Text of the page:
The Bloomington Public Library faces a number of challenges and opportunities, most of which will wait until a new director is found.
Terry Lindberg is the Interim Director. He talks with Charlie Schlenker about the search process. Search firm John Keister and Associates has met with area leaders about the culture and needs of the institution. Lindberg says the initial assessment is that the BPL has "a strong and engaged staff."
Whoever is selected as the next Bloomington Library Director has dual roles that may require different skill sets. Some Library Directors tend to view the job as one of fostering the programs and building them over time. Others come in, are change agents who sign up for specific projects such as a new facility or an expansion, and then move on. Interim Director Terry Lindberg said Bloomington needs both roles. "We're advised that typically in this day and age, a director in a situation like ours has a tenure of somewhere between seven and ten years," Lindberg said. In 159 years, the Bloomington Library has had directors serve as little as a month and as long as 41 years.
Some Libraries such as Oak Park, Illinois and San Francisco employ social workers to deal with constituencies that spend a lot of time in such public areas, such as the elderly, mentally ill, and the homeless. Lindberg said one of the largest segments predicted by most research is youth, and in that regard the Bloomington Library already is strong, he said.
Lindberg said he also thinks the right person for the job is going to be anxious to take charge of a major building project and put their stamp on any improvements to the library as well as consider innovative services.
Though there are many things to work on at the library, Lindberg said the committee will not rush the selection process. He expressed hope they can have a successor to Georgia Bouda chosen in a couple months, but the panel is far more concerned about making the right choice than in setting a timeline.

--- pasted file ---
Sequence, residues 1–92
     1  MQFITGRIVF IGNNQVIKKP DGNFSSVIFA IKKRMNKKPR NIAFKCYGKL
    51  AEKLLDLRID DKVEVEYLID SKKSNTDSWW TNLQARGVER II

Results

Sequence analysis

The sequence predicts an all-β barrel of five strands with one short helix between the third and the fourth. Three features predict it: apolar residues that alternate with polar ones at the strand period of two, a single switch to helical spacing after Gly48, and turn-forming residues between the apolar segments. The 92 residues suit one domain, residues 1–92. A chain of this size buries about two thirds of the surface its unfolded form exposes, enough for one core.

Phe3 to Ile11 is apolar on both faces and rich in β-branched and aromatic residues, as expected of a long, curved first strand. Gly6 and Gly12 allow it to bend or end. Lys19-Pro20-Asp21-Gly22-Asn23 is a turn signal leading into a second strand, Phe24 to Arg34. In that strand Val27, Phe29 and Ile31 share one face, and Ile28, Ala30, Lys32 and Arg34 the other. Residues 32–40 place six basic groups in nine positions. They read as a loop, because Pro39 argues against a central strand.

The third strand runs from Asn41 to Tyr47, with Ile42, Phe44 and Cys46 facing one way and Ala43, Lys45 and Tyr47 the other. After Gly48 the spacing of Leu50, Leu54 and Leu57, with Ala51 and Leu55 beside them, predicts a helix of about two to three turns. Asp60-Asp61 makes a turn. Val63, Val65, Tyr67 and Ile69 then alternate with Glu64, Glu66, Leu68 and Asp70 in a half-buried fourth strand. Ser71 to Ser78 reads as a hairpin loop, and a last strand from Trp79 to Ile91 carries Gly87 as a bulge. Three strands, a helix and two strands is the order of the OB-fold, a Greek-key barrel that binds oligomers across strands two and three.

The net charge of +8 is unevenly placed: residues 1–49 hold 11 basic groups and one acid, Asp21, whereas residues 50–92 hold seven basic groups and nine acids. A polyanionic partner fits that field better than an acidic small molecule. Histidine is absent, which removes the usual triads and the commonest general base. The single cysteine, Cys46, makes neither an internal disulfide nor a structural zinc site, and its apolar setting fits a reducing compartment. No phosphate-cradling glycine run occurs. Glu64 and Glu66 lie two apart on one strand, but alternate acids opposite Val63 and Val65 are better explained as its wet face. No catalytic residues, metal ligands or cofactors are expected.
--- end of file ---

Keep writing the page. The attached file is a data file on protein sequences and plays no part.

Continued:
Lindberg said there will be an opportunity for the community to meet all of the finalist candidates and offer input before the decision is made. He says the form of that access and input has yet to be determined.
He says the Library needs a new director who can not only manage a building or expansion project, but also one who can envision the changing role of libraries in the multi media age. Lindberg says libraries are no longer just a box of books, they are community gathering places, performance spaces, and service centers.
Lindberg said there is no particular time line for an expansion project, though city workers have begun demolishing the old sausage factory to the south of the downtown Library. The city must also decide where to put some public works offices to finish clearing the way.
Lindberg said the Library Board hopes to have more substantial talks with the nearby YMCA to see if there are opportunities for joint programming or facilities once the expansion project scope gets more definition. Five Points, in Washington, Illinois combines community gathering facilities with a fitness center, performing arts space, and that community's library. Lindberg said another example is Cedar Rapids, Iowa, which links library video and electronic print collections to video screens at the fitness center there.
The Library has also begun pricing out improvements to the existing facility that a recent report by Farnsworth and Associates indicated need to be done. Those may include new roof membrane, paint, carpeting, and some cosmetic issues, Lindberg said. The conversation about when to do some of those improvements would involve the City Council, Lindberg said.
The Interim Director also said he's pleased with the way board members and staff are working together on studying bookmobile service on the west side and elsewhere in the community.